Part of the 2015 Melbourne Jewish Writers Festival line – up, ‘Theatrics’, directed by Gary Abrahams, is subtitled ‘The wit and wisdom of Jewish Literature.

Abrahams’ presentation is a collection of ten carefully selected short essays and stories, exploring both the historical and contemporary Jewish experience.

With a two hour running time, his vision is brought to life by the veteran acting quartet of Christopher Brown, Luisa Hastings Edge, Deidre Rubenstein and Michael Veitch. Adding a wistful and moving undercurrent to the overall tone of the evening, expert guitar and vocal accompaniment is provided by Adam Starr.

Simply executed with few props or visual cues, it is via this talented group that the show’s series of academic character studies, their delineation and continuity, are sharply defined and detailed.

Adding to the production’s understated perspective, some soft suburban lounge furniture, four paper floor lamps, and four bar stools mark the quintet’s performance space. Lighting by Bronwyn Pringle and stage management by Stephen Moylan, aptly support the understated, respectful mood.

As Abrahams himself states in the program notes, “Reading is an intimate action, as private as our dreams, and a difficult experience to communicate to others. The question I always ask myself when looking at adapting literature is, what can a performance add to it?”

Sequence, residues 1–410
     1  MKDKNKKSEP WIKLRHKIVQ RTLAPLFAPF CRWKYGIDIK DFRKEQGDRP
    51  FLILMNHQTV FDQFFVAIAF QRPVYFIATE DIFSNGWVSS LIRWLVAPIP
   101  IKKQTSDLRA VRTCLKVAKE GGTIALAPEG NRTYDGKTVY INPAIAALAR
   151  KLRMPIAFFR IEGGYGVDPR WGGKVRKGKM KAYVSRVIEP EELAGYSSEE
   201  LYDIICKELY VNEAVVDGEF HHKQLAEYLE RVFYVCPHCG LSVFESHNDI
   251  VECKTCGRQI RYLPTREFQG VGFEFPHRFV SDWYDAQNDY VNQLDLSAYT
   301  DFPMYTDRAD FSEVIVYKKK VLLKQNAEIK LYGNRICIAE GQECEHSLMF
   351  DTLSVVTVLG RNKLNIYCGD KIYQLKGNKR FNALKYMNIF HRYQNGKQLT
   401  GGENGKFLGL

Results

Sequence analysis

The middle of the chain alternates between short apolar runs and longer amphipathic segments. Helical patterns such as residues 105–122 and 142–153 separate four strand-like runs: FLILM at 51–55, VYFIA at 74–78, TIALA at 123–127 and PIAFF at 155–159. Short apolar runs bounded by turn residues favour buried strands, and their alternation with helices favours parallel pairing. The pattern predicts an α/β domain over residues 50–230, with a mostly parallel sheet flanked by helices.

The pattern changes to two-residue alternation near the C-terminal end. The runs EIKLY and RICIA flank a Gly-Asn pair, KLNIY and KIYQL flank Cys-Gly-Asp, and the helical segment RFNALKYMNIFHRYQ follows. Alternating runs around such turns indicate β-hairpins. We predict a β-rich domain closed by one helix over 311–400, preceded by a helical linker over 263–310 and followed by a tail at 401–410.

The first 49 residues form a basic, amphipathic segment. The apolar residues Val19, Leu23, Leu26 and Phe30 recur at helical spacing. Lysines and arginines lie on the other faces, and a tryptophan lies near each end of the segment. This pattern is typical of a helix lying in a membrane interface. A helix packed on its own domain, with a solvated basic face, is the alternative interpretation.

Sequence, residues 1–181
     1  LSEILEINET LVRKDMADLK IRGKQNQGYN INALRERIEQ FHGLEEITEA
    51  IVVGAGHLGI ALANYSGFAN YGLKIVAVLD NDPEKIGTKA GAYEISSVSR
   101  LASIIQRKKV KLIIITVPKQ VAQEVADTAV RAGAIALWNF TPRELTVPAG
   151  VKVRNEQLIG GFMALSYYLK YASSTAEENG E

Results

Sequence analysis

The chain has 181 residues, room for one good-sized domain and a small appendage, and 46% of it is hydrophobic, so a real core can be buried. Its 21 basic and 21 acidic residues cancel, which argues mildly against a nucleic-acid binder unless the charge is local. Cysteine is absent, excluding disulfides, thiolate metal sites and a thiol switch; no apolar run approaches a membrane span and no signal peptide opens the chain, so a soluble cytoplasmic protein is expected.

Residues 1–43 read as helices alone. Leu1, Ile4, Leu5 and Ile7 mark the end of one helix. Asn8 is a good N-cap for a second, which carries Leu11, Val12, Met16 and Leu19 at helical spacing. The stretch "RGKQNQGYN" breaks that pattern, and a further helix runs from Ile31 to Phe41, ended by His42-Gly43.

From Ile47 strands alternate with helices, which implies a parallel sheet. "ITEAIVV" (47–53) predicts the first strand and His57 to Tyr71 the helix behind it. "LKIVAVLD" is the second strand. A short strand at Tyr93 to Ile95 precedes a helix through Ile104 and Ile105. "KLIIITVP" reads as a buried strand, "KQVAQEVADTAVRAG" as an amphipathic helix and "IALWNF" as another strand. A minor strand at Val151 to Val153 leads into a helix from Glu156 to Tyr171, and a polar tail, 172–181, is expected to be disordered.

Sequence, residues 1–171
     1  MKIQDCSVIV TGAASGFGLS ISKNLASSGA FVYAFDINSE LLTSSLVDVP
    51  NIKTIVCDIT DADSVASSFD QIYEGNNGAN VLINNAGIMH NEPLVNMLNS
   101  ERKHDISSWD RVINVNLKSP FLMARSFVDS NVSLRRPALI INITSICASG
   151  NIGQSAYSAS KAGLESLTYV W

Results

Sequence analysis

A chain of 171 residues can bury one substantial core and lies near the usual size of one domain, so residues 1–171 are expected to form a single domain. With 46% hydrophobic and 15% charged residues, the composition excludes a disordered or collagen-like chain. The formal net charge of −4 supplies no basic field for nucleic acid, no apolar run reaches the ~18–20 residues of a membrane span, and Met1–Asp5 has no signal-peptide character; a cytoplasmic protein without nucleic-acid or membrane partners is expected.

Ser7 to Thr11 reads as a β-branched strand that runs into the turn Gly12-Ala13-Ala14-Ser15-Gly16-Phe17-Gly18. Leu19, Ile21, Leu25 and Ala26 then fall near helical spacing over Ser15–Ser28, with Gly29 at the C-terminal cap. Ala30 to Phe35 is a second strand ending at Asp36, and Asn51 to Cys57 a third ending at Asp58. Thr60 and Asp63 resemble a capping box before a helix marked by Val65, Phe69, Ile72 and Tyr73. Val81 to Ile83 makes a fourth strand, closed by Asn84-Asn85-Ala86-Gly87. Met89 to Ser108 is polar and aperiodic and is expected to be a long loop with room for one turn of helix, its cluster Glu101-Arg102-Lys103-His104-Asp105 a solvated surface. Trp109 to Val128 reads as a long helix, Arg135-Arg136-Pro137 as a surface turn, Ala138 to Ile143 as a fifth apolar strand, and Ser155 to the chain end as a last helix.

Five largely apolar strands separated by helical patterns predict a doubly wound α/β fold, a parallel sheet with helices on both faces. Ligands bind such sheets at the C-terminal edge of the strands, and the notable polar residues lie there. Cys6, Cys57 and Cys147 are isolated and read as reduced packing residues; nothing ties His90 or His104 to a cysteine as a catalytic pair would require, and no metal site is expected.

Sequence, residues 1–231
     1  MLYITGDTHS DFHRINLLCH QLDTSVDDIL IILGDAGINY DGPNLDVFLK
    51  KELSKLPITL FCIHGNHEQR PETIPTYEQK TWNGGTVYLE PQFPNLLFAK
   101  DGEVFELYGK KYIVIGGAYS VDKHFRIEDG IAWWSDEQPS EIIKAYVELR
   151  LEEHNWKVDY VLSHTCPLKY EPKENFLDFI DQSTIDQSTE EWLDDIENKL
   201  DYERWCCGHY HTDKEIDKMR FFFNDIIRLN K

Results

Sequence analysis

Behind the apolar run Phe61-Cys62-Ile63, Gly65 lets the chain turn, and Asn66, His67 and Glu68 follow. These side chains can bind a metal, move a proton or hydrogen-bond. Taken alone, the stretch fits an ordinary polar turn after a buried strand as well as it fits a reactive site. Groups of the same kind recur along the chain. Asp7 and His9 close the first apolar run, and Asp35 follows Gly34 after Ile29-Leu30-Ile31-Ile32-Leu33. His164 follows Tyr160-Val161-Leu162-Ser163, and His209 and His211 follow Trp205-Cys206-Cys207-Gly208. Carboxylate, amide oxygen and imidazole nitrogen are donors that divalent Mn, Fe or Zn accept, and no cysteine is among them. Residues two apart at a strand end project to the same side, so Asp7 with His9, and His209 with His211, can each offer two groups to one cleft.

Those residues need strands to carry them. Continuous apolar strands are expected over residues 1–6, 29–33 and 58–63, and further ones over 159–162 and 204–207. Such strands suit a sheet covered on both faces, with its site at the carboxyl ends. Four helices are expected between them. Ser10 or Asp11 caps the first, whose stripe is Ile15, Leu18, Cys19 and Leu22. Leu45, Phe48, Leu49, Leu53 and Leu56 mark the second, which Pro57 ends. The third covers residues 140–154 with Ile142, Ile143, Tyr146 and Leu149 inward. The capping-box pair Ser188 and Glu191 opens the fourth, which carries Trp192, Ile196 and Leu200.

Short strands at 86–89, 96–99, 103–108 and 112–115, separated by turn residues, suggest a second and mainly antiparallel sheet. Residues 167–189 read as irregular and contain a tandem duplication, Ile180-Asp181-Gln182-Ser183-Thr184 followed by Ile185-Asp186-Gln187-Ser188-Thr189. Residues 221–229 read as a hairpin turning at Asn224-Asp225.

Various well – known local and international writers have been chosen to specify Abrahams’ point. The works (performed in the order listed) are:

• Kalooki Nights by Howard Jacobson
• Home by Serge Liberman
• The Slave by Isaac Bashevis Singer
• Missing Kissinger by Etgar Keret
• The Ancient Mariner by Arnold Zable
• Mr Wilkinson by Alex Skovron
• Nazi by Maria Tumarkin
• Truly Madly Guiltily by Ayelet Waldman
• Mother by Grace Paley
• The Reader by Nathan Englander

Whether it is about a hormonal boy’s right of passage when his mother hilariously decides to throw him a Kalooki instead of a traditional Bah mitzvah, an elderly woman’s life – changing decision to move to Australia, a hapless man torn between his girlfriend’s and mother’s devotion, or a young mum’s confession about loving her husband more than her kids, every tale is complex and thought provoking in its own way.

Each performer displayed great range, with the mix of works allowing them opportunities to play either broad comedy or heart – wrenching drama. Rubenstein in The Ancient Mariner, Hastings Edge in Truly Madly Guiltily, Brown in Missing Kissinger, and Veitch in The Reader, were all particular highlights.

What appears to link all of the stories together is a shared sense of identity, place and home.

Given the source material, it makes sense that ‘Theatrics’ set – up is like an open – book reading. However, that the actors carry scripts does not impede communicating each story’s power, interacting with one another, or indeed building rapport with the audience.

‘Theatrics’ is an important and worthy journey worth taking.